- Preheat oven to 350°F. Line an 8"x8" baking dish with parchment paper, allowing the parchment to hang over on two opposite sides so you can more easily pull the brownies out to slice when they're all done. Spray the parchment-lined baking dish bottom and sides with cooking spray and set aside.
- Add 1 cup of your chocolate chips or chunks and the chopped-up butter pieces to a large microwave-safe mixing bowl. Microwave in 20-second increments until melted, shiny, and smooth, stirring up the chocolate/butter pieces well after each increment.
- Whisk in the sugar and eggs until combined. Add the flour, instant espresso powder, and salt and whisk/stir for a minute or so, or until the batter has a sheen to it and is smooth.
- Stir in the remaining ½ cup chocolate chips or chunks and the chopped hazelnuts.
- Pour out batter into the parchment-lined and sprayed baking dish. The batter will be thick so use a spatula or spoon to smooth the surface into an even layer. Tip: Binder clips work well to hold the parchment in place along the baking dish while you're smoothing so it doesn't slide around.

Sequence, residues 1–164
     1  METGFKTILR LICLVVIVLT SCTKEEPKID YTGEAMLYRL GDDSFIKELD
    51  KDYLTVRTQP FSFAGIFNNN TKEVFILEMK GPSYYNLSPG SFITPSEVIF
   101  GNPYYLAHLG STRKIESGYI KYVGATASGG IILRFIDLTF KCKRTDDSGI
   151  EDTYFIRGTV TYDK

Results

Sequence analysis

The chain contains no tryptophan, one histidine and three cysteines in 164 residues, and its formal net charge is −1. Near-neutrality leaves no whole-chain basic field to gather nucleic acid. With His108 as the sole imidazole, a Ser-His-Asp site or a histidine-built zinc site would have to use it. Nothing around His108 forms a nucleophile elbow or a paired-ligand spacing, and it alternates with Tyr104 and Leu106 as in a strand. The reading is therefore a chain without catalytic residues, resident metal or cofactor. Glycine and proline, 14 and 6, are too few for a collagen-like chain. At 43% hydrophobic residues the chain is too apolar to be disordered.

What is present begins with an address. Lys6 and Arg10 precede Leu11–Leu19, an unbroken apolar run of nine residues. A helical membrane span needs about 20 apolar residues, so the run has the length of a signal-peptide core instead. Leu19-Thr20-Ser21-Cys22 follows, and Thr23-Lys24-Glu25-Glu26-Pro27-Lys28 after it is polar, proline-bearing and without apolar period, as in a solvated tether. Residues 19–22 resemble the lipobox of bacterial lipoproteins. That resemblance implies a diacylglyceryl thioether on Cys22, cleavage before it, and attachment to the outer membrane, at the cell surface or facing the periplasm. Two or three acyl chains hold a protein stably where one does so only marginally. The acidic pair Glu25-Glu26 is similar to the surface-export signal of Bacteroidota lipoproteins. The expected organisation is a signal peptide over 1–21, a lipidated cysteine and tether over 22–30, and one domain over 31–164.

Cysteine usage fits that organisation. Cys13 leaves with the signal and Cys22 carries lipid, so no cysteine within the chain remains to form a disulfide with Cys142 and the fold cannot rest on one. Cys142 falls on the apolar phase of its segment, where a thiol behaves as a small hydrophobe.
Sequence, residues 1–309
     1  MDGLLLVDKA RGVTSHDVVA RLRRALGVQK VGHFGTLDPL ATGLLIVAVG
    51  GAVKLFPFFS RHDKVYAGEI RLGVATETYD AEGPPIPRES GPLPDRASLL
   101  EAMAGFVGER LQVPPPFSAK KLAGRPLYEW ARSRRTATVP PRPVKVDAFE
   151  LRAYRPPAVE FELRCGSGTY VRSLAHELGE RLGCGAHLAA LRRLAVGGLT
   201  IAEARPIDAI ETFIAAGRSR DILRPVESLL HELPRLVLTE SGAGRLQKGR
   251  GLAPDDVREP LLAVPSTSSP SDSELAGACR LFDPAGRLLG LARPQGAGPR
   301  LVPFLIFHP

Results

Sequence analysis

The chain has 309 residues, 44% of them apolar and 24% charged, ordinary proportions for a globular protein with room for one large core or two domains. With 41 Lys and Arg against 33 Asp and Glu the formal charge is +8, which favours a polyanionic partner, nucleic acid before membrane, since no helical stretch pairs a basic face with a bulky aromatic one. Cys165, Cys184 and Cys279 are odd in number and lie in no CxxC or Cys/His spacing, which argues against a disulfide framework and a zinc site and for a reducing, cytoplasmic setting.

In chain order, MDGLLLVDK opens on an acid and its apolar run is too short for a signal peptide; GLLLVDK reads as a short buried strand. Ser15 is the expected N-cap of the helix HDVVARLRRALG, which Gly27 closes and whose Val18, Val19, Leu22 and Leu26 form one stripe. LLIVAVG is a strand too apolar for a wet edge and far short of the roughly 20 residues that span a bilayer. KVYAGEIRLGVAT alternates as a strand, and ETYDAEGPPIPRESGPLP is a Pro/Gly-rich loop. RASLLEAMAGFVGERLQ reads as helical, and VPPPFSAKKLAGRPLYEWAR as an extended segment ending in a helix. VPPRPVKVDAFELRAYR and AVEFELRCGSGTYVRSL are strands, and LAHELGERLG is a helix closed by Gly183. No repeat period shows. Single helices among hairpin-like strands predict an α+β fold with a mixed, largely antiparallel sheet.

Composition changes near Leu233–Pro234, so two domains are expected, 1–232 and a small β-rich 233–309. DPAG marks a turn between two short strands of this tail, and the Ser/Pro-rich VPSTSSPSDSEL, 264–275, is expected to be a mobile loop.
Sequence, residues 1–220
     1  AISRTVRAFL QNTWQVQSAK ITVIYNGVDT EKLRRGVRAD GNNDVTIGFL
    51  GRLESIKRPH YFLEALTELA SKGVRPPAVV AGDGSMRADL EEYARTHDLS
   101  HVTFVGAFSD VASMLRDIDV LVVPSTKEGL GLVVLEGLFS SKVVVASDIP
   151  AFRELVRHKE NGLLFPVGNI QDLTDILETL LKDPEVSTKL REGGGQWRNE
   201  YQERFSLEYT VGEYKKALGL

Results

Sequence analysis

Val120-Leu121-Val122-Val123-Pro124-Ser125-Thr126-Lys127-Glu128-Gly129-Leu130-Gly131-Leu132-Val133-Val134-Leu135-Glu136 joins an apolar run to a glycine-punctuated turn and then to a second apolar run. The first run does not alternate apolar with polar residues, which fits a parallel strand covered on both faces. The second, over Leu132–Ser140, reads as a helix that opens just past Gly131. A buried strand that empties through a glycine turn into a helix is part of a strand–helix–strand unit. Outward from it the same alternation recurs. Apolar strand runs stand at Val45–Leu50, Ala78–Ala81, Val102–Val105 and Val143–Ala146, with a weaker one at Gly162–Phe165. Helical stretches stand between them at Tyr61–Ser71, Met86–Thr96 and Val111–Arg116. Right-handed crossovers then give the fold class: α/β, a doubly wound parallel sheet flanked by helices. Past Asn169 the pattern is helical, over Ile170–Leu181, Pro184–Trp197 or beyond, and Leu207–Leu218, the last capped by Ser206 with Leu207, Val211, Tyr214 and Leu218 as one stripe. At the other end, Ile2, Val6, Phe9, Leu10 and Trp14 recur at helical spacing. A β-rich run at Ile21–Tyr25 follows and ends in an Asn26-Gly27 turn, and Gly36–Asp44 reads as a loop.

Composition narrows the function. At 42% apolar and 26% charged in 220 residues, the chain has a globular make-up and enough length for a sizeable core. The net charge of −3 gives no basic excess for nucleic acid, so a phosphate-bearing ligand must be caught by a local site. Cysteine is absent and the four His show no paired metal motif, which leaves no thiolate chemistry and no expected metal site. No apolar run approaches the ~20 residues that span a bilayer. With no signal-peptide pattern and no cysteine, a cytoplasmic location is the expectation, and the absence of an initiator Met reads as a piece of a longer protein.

- Bake for 35-40 minutes, or until the edges are well set, the top appears crackly, and a thin tester (like a toothpick) inserted into the center comes out mostly clean. Let cool in the pan completely before slicing. Run a thin spatula along the edges of the pan to loosen the brownies before lifting them out.
- Once cool, slice brownies however you like. They're very rich and fudgy, so you may wish to slice them into 16 or 25 equally-sized pieces. Store in an air-tight container at room temperature for 3 days, or refrigerate/freeze wrapped well in plastic.
Nutritional information is provided as an estimate. As it can vary due to many factors (brands used, quantities, etc.), we cannot guarantee its accuracy.Food Safety and Nutrition Disclaimer
Recipe lightly adapted from The Art & Soul of Baking by Cindy Mushet/Sur La Table (affiliate link, though I seem to only be able to find it available in used condition), which is one of my go-to cookbooks for all things sweet. It reads like an encyclopedia!